• I later used 50 clients under same environment with mode 1:
250 messages in, 12,250 messages out per second
These numbers are probably lower than actual results, as I had to run all the clients on the same machine that the server was running on, so they were probably using resources. But, the server machine was a high-spec desktop machine (what I use for Darkwire Server I), so that gives some sort of balance.
Exposing the server machine for connections:
There are three parts to this:
1) Allow access through server machine firewall (LAN or Internet access)
For both Internet and LAN, make sure the firewall on the server machine is not blocking it. Add it to Windows Firewall and any antivirus firewalls you have.
For LAN, steps 2 and 3, for port forwarding and ISP firewall checks, are not necessary.
2) Allow access through router (Internet only)
If you're making an internet-accessible server, you'll need to use port forwarding on your router for TCP and UDP on the correct port, which is normally 6121.
You should also port-forward ports 843 & 583 TCP if you're hosting Flash.
3) Allow access through ISP firewall (Internet only)
This step depends on your ISP having extra security measures, and may not be necessary. If you've followed step 2 for port forwarding and Internet clients still can't connect, you'll need to access your ISP settings for firewall. Your best bet is to google your specific ISP port forward instructions (e.g. AT&T, Verizon, PlusNet, etc).
Connecting to your server:
Connect to the server with Lacewing Relay Client or Lacewing Blue Client extensions.
Clients on LAN should use your server's local IP to connect, which you can get via ipconfig or the Fusion LocalIP or LocalIP++ extensions.
Internet clients can then connect via your remote IP from this link. You can also use it for LAN clients, but that will result in a slower connection.
If the server is on the same machine as the client, use "localhost" or "127.0.0.1" as the IP for the client to connect to.
If you host on 6121 (default), Lacewing will add the port for you. If you use a different one, add ":newport" to the connect-to address. So for port 6150 you'd use "localhost:6150", "betsysawsumserver.legitsite.com:6150" for example.
For non-Lacewing clients trying to connect:
The server mercilessly disconnects clients that don't follow Lacewing protocol. I had one plank trying to access the Lacewing server with a HTTP web browser and it was crashing things.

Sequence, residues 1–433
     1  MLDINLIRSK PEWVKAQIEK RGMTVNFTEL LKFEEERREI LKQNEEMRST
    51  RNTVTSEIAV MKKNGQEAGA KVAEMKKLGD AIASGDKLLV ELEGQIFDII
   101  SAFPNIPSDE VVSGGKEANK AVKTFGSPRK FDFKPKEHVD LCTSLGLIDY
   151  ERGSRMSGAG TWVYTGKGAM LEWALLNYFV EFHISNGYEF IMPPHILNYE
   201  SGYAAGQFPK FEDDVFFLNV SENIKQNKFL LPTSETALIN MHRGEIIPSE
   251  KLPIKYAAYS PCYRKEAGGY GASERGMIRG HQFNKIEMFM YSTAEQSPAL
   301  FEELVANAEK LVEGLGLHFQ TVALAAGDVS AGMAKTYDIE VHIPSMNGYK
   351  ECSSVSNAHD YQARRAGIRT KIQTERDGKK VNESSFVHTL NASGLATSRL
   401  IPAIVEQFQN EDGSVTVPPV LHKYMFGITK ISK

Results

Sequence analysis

An error will also be made in this case, but note there's no client you can select in Fusion for that type of error, as without sending a Lacewing Connect Request message, you don't get On Connect triggered on the server. As such Fusion has no client it can select and mess about with. The IP of the booted non-Lacewing client will be in the error message, though.
Firstly, you should, of course, always have an On Error event in your server application. Without it, you won't be told about any internal errors or things your Fusion server app is doing wrong.
Typically, these are not fatal errors; e.g. if the master were to leave a channel with autoclose enabled, so other clients will be booted, you may get an error if there's a channel message sent from another client that now can't be delivered. They're worth listening to.
Secondly, the server will also handle generic server problems without you needing to worry about it. For example, a client trying to set its name to one that another client is already using will get a NO and a deny reason "name already used" sent back from Bluewing automatically, without Fusion coming into play. Don't write events that cover these sort of cases as it's totally unnecessary.
Thirdly, if you're tempted to use mode 5, you should only do that if you need the server to run events every time for deciding whether it's okay for approving it. If the server just has a "allow/deny" checkbox in the UI, you'd be better off switching the mode of handling when the checkbox is changed, and setting the deny reason as appropriate.
Fourthly, a server that has 5 clients on a channel and gets a channel message will need to forward four copies of that message. For this reason, the server machine's upload bandwidth will need to be higher than your download bandwidth.
Fifthly, this server's actions, conditions, and expression IDs match up Lacewing Relay Server. Theoretically, you could replace the Lacewing Relay Server MFX with the corresponding one from Lacewing Blue Server.
Sixthly, while this server comes with a help file, it doesn't have any details for Blue Server. The guide for Relay Server should be sufficient, but you may want to refer to this post. As always, I'm available on Clickteam Discord most of the time, and several other users are familiar with Lacewing there too.
Download link for the server, again: HERE.
If you're hosting Flash, there's an example policy file here. You'll have to edit the file if you're not using port 6121, but you can do that in Notepad.
Have fun making your first MMORPG.